William F. Wilke, a retired mechanical and general contractor who owned and operated his own business for nearly two decades, died last Wednesday from complications of a stroke at MedStar Franklin Square Medical Center. The Parkville resident was 95.
“He was the cream of the crop. In over 40 years, I never heard anyone say a bad word about him,” said Stephen W. Oliner, who had been Mr. Wilke’s accountant since 1975.
“I considered him both a client and friend. He was a wonderful person and I am glad that I got to know him,” said Mr. Oliner, a Baltimore resident. “He was honest, humble, sincere and a man who was known for his word. When he said he’d do something, he did.”
William Francis Wilke who was born and raised in Baltimore, was the son of William J. Wilke, an electrician, and his wife, Mildred Wilke.
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While attending Polytechnic Institute, Mr. Wilke took “advantage of Saturday engineering sessions to learn to read blueprints and understand technical specifications,” wrote a daughter, Nancy A. Collins, of Phoenix in Baltimore County, in a biographical profile of her father.
After graduating in 1940 from Poly, he went to work for Julian P. Frieze Inc., a manufacturer of heating and cooling instruments, which allowed him to pay his tuition while studying engineering at night at the Johns Hopkins University.
With the outbreak of World War II, Mr. Wilke enlisted in the Army Air Corps and was selected for training in the bombsight and automatic pilot maintenance program, and served in the Pacific Theater until war’s end in 1945.
After returning to Baltimore, he worked in the mechanical contracting business for Wesley Freeman Inc. and Lloyd E. Mitchell Inc., where he worked for a decade and rose to be vice president and chief estimator.
In 1960, he started his own mechanical contracting business — William F. Wilke Inc. — which he started in his home and later moved to offices on Joppa Road and Satyr Hill Road.
The business expanded to include general contracting and development work. Some of the major projects he worked on or built included Baltimore public schools, the renovation of City Hall during the 1970s, the National Aquarium, the U.S. Post Office, the Baltimore Fire Department’s Super Station on Lombard Street, BWI-Thurgood Marshall Airport, Fort Meade, the National Security Agency, Baltimore City Hospitals, the Cherry Hill Recreation facility TABCO Towers and several shopping centers.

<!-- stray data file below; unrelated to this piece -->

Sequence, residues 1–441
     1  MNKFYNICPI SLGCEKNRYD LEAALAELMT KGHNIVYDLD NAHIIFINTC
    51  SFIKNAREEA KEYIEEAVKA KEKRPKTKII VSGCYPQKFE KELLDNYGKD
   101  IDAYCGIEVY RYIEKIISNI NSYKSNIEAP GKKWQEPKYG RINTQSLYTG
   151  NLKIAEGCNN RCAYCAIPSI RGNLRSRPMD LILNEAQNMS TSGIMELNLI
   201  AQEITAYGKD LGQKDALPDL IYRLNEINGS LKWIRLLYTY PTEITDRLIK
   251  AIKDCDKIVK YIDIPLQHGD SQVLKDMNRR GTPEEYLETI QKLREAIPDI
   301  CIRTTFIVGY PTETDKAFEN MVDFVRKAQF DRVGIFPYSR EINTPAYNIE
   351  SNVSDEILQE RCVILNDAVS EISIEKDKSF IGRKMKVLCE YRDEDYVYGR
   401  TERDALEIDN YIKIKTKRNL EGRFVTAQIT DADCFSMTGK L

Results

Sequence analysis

After selling the business to his employees in 1978, Mr. Wilke continued to manage properties he owned and managed.
“His business acumen was very sharp and he was the most ethical and fair-minded man you’d ever meet,” said Ms. Collins, who as a young woman, worked as her father’s administrative assistant. “His integrity was beyond reproach.”
His professional memberships included serving as president of the Building Congress and Exchange and serving on the board of the Baltimore Metropolitan Chapter of the Associated Builders and Contractors.
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“Over the years, he helped numerous people start their own companies,” Mr. Oliner said. “He gave them advice and never turned anyone away.”
Mr. Wilke had been a member of the board of the University of Maryland St. Joseph Medical Center, Liberty Federal Savings & Loan Association and Baltimore Polytechnic Institute Alumni Association, of which he also had been president.
The former Timonium resident who had lived at Oak Crest Village for 25 years, enjoyed spending time at a second home in Fenwick Island, Del., and deep-sea fishing off Ocean City.
His wife of more than 70 years, the former Mary Scarpulla, died last month.
Funeral services will be held at 10 a.m. Wednesday at Ruck Towson Funeral Home, 1050 York Road.
In addition to his daughter, Mr. Wilke is survived by a son, Randall W. Wilke of Baltimore; two other daughters, Kathleen F. Edwards of Leonardtown and Frances M. Breen of Punta Gorda, Fla.; and six grandchildren. Another son, Michael J. Wilke, died in 2003.